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Why GPs should check that their seniority levels have been paid

In last week's blog I mentioned the importance of getting the profits right to ensure that the GP got their full seniority, as seniority is now based on achieving a level of income rather than being full time/part time/three quarter time.

By chance, I got sent a fax this week from a client, a letter from their PCT telling them that the interim seniority factor for 2012/13 is £96,646. Is this important? Yes – it is important because it is the figure the PCT will use to determine whether it should be paying the full seniority or not. If you earn less than two-thirds of this figure, it will abate your seniority by 40%. How does it know how much you earn?  - You probably told it recently! When you completed those forms for your estimated superannuable remuneration for 2012/13 for the PCT to work out the superannuation deductions, you mentioned your expected superannuable profits – the same figures the PCT will be using to assess your entitlement to seniority. You might want to check this.

Now that’s all very well, and a useful brief description of the process but it is worth pausing and looking at the figure being used. £96,646 for 2012/13 is £2,674 more than 2011/12. Can that be right? Most of my clients are expecting their profits to fall in 2012/13, so is the increase a cynical move to push up the barrier to seniority? Well, the detail of the calculation is shown on a paper produced by the Technical Steering Committee, so surely it should have some integrity.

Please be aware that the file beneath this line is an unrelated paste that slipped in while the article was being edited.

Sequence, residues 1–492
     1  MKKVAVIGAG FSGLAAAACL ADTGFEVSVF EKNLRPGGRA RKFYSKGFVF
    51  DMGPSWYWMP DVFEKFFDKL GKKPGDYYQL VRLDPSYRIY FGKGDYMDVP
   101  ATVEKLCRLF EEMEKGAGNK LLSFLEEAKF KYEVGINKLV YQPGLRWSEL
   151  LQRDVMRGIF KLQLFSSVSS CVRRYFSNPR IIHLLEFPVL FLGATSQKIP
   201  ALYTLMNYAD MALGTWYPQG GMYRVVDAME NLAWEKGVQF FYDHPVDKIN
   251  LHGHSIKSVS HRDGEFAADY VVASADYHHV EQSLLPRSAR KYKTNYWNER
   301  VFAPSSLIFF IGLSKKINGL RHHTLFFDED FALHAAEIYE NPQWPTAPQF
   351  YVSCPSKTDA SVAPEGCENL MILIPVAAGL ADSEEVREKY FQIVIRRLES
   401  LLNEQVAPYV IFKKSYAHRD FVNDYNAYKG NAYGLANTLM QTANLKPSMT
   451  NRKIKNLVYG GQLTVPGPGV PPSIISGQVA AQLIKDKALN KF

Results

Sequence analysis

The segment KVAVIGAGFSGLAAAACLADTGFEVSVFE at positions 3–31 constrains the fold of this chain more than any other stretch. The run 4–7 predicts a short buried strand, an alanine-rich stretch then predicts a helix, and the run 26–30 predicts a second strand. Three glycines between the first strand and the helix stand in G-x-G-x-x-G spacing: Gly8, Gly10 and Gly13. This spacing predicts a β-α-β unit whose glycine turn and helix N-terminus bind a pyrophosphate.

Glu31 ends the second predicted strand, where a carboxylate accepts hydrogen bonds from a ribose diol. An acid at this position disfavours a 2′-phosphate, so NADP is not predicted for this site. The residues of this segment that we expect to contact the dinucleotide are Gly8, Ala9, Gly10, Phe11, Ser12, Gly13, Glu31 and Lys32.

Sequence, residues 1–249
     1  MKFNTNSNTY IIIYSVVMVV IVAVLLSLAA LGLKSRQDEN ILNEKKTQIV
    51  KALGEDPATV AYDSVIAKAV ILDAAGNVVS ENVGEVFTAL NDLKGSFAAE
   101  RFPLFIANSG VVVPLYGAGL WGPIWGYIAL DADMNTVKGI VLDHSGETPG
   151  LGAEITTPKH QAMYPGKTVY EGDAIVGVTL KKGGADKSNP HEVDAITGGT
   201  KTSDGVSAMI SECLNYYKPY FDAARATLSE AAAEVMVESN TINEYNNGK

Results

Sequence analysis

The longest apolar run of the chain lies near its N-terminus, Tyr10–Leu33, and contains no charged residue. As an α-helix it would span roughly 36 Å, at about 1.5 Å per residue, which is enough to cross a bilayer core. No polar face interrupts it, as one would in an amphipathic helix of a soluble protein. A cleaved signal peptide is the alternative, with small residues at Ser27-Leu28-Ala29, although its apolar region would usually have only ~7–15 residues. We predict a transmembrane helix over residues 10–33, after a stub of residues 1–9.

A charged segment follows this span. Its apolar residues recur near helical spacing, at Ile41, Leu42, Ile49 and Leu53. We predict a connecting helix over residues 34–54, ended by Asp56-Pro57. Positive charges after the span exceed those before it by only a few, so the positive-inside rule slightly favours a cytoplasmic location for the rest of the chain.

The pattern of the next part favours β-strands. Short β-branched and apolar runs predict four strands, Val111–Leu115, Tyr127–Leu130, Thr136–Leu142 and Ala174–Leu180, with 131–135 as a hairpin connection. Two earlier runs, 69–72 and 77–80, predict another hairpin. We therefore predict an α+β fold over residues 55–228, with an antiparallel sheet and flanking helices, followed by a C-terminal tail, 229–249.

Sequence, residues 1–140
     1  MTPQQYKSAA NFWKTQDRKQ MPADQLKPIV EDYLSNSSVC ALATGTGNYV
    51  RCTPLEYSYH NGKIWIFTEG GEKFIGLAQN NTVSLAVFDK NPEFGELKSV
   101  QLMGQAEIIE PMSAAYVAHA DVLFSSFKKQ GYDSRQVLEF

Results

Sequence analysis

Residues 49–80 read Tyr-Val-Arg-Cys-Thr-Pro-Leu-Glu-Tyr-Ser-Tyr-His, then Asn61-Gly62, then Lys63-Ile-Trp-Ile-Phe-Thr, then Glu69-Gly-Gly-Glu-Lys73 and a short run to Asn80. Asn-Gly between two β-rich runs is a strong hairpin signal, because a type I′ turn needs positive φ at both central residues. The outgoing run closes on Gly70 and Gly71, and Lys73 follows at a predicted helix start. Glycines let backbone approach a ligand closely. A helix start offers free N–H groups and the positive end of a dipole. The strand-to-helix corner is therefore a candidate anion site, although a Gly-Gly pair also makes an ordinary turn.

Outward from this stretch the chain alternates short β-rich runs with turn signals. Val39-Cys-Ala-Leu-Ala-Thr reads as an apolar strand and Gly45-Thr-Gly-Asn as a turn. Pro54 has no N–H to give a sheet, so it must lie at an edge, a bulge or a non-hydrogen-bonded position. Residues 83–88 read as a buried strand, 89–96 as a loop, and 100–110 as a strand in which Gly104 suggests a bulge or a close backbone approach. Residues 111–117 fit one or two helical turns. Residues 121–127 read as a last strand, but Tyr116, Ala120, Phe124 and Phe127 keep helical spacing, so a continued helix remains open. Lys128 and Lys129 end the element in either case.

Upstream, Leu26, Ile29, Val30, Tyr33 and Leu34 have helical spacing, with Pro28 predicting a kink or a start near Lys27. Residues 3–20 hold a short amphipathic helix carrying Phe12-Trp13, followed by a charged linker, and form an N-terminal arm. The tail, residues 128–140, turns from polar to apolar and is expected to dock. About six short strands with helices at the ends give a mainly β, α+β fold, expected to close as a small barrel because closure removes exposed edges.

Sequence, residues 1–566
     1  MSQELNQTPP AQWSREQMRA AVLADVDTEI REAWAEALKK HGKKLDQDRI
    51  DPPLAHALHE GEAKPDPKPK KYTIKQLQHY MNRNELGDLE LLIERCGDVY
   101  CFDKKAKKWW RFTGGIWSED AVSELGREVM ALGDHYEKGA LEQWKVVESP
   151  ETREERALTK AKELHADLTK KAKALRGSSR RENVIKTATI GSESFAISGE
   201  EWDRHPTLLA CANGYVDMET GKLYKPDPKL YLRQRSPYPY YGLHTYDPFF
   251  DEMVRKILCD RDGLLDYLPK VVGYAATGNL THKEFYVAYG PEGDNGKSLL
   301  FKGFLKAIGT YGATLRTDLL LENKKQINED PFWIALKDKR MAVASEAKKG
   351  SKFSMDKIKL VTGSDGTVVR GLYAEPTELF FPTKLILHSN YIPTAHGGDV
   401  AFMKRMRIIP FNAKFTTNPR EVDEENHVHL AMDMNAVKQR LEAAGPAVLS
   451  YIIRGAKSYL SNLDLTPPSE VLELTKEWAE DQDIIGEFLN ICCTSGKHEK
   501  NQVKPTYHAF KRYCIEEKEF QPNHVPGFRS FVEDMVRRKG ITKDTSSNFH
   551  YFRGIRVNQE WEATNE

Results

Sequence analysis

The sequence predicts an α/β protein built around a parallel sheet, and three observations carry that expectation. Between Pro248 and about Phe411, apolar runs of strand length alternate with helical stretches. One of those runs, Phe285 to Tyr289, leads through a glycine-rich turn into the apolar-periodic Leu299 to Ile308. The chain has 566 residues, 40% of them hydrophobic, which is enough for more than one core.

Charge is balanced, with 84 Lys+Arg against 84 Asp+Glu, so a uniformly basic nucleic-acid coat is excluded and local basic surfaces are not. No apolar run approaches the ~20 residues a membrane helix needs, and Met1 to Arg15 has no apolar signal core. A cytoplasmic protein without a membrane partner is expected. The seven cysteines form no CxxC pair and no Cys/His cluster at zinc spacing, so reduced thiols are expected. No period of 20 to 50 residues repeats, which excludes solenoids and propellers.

The detail makes interesting reading, we are having to use interim figures because the final figures have not yet been calculated. In fact if you read the report, the last year that final figures were calculated was 2008/9. Now that means that there are three complete years where some partners will have been paid seniority that they are not entitled, and three complete years where some partners will have been underpaid seniority. Some of these partners will have retired, and the figures can be significant, around £7,000 per partner for a GP towards the end of their career paid at the wrong level over three years.

Why the delay? All the information for 2010/11 was submitted earlier this year so what’s the problem?

The other issue that can be seen from the paper is that looking at the calculations, there is no facility to cope with a reduction in profits, the lowest outcome is an uplift of 0%. Many GPs would be happy with static profits, but the reality is that profits are falling, and it would seem that the model in use can’t cope with this.

This needs to be addressed. So what should GPs be doing now? When you get your June payments, check the seniority levels that have been paid, you may need to look carefully to find if any adjustments have been made. You might also want to review the expected profits you have given the PCT for 2012/13.

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